Dortmund is a city where a tourist trip might turn into a real adventure and an unforgettable experience. The reason for this is that Dortmund offers everything - from advanced industrial culture, diverse museums, and colorful variety shows and theaters to world class football and local culinary specialties. Dortmund is called the beer capital of Germany ... or at least was until recently. Dortmund boasts most of the big breweries in Germany, it is the seat of "Hoesch".
Dortmund is situated on the river in the western German Emsher North Rhine-Westphalia. The whole city is spread on an area of 280 40 sq km and the number of inhabitants of the city reaches 600 000. Dortmund is known as a large and well-developed center of coal mining, metallurgical, chemical and military industries. In recent decades, however, urbanization and modernization of the city turned it into something more than an "industrial zone". The river port of Dortmund is still there, but is not the most interesting thing the city can offer its visitors.
For the first time historical sources mention a small settlement on the territory of today’s Dortmund around 885. At that time the town was known by the name Throtmanni. It was completely destroyed by fire from the Holy Roman Empire, but later the archetype of today’s Dortmund was rebuilt by Frederick I Barbarossa in 1152.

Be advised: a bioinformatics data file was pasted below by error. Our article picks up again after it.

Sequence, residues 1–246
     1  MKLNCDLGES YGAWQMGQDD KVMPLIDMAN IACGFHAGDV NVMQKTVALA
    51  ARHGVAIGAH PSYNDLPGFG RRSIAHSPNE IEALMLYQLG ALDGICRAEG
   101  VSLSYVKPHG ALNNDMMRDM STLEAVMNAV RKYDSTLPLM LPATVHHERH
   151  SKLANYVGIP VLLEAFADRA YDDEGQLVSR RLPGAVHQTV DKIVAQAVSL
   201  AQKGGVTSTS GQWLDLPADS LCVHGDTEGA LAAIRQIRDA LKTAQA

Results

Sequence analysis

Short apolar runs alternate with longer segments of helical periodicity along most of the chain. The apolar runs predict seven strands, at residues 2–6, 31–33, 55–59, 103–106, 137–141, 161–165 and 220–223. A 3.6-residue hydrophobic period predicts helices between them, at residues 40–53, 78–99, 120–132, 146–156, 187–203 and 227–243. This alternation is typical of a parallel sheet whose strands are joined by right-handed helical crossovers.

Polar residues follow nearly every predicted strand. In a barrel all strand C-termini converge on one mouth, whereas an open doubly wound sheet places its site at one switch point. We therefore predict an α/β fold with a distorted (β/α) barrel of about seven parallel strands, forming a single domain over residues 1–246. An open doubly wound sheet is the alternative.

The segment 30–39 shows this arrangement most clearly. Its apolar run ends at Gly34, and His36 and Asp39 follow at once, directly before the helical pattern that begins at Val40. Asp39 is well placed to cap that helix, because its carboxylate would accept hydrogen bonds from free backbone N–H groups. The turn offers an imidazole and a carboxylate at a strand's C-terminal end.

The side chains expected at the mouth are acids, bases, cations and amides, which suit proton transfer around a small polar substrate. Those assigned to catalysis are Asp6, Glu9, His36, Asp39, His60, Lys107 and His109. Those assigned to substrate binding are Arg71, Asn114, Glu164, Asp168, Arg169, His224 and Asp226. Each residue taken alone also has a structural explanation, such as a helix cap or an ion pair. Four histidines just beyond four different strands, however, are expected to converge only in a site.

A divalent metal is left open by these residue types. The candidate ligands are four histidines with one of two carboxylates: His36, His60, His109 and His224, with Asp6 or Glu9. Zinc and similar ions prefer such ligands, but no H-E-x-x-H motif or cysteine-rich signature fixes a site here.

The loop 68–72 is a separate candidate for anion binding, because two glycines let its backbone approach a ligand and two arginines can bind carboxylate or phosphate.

In the 12th century Dortmund became a major city in the land of Rhine Westphalia and the Netherlands as one of the principal members of the Hanseatic League. After 1320 the city appears in writing with the name "Dorpmunde". In 1661 a large earthquake is to blame for the collapse of the Reinoldikirche.
During the industrialization of Prussia, Dortmund became a major center for the processing of coal and steel. In the years after World War II buildings, such as Marienkirche were fully restored. At the end of last century Dortmund began to emerge as an important center for high-tech industry.
Tour places in Dortmund can start from the central part of town where there are two main churches (Reinoldikirche and Marienkirche). Both are excellent examples of medieval architecture. The original building was erected on the Marienkirche grounds in the years 1170-1200, but as mentioned, after the Second World War, it was rebuilt.
The oldest parts preserved today in the construction of the church date back to. Patrikkirche was built sometime in the 14th century and today we can see its incredible shrine, which is known as the "golden miracle of Dortmund ". The beautiful altar consists of 633 gilt carved oak figures, depicting 30 scenes from Easter.
Shop around after the cultural attractions of Dortmund, and do not miss to stop by the Old Market Square, which is also located in the central part of town. Here is where local tastes are mixed with Mediterranean spices. The Old Market has some of the best restaurants and beer in Dortmund.